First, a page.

Whatever your flavor of literature (folkloric sagas, crime novels, poetry, literary fiction), Iceland has something for every type of reader. Discover how a combination of historical pride and rich storytelling skills make Icelandic literature, both past and present, so revered around the world.

19 min
The Art and Music of Iceland

15: The Art and Music of Iceland

Start understanding Iceland’s contemporary art and music by looking into its history of stone and wood carvings and oral poetry. Then, explore the prevalence of animals and landscapes in paintings, the country’s vibrant street art and mural scene, the ways Icelandic folk music blends poetry and melody, and more.

24 min
Iceland’s National Parks and Reserves

16: Iceland’s National Parks and Reserves

Sculpted by fire and ice, Iceland’s parks and reserved are breathtaking to behold. Sites you’ll explore in this survey include Iceland’s three national parks and its nature reserves—both of which offer explorers unparalleled looks at lava fields, sea cliffs, black sand beaches, and other geological marvels.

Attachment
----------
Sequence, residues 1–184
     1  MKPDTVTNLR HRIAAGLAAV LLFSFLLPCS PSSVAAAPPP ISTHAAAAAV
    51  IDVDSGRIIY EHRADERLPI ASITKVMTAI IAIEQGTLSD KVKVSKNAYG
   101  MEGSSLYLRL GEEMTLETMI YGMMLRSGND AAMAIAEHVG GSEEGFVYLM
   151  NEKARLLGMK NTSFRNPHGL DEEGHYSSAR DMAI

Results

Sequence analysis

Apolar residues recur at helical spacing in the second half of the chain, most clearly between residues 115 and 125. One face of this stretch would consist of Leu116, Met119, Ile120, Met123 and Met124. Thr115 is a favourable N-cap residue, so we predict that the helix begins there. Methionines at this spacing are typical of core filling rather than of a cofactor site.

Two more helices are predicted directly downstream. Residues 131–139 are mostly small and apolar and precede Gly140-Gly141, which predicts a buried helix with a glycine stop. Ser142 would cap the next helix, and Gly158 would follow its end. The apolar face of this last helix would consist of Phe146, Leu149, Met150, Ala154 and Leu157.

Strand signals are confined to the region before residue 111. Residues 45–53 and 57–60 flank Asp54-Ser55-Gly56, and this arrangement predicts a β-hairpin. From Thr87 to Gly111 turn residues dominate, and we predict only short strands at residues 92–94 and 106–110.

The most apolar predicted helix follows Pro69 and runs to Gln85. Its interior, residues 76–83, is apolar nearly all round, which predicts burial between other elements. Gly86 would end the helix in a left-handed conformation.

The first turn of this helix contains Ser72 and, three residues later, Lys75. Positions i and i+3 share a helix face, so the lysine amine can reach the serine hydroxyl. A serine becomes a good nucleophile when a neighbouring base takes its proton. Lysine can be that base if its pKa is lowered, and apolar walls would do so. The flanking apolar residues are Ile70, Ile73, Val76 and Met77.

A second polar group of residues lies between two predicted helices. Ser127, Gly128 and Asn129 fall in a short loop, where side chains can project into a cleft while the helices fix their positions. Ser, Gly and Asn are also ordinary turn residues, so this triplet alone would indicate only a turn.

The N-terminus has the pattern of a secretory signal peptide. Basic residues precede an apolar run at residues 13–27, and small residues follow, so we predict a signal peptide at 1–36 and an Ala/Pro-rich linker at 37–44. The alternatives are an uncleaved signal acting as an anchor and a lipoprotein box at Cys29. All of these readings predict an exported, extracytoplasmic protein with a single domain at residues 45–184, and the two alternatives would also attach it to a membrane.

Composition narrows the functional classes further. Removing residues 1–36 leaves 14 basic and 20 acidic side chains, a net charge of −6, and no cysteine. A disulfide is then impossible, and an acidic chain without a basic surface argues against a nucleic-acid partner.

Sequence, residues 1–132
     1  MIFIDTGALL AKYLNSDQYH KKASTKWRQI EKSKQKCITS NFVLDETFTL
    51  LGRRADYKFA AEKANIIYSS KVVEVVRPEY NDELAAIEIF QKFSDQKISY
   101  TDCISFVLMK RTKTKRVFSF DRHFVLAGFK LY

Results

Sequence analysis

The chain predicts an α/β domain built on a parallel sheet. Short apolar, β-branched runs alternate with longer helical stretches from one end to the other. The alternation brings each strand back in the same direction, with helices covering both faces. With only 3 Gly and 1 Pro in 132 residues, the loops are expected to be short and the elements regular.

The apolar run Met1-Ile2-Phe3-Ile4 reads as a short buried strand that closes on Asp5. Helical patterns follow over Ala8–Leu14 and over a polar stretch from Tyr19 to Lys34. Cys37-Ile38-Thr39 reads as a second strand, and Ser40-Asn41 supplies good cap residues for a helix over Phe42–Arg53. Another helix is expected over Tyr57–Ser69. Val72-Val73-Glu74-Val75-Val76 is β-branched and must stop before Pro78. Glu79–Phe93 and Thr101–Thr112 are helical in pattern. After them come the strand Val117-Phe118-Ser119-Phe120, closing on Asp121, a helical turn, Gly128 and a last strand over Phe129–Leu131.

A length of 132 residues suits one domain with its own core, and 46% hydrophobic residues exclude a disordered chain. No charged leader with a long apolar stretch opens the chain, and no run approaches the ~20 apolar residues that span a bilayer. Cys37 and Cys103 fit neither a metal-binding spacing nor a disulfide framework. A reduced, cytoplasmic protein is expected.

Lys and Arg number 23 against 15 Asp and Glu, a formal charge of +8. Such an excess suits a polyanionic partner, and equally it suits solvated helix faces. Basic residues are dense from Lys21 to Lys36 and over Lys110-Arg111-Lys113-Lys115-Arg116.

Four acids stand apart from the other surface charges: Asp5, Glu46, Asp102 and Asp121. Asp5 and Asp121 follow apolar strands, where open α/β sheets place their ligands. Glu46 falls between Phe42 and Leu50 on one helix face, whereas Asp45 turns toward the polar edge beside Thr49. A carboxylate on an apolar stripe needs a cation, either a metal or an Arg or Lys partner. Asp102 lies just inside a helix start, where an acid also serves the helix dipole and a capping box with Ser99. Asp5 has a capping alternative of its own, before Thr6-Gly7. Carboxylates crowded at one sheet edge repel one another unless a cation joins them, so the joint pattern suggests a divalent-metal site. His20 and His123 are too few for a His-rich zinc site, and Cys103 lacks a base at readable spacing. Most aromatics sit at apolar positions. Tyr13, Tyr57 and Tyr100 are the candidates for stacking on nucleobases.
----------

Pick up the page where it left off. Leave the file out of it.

21 min
Restoring and Reforesting Iceland

17: Restoring and Reforesting Iceland

Before it was settled, around 65% of Iceland had vegetation. Now, only 0.5% of the country is forested. So, what happened to the forests? Get a closer look at the dangers of steep-slope erosion, as well as some of the natural difficulties currently challenging Iceland’s century-long effort to reforest the country.

23 min
Long-Term Sustainability in Iceland

18: Long-Term Sustainability in Iceland

Given its deep connection to nature, Iceland has often been at the forefront of conservation and sustainability—despite its early destructive history. Consider vital efforts of soil conservation and carbon neutrality, the powerful use of storytelling as a conservation tool, and ongoing debates over Iceland’s whaling culture.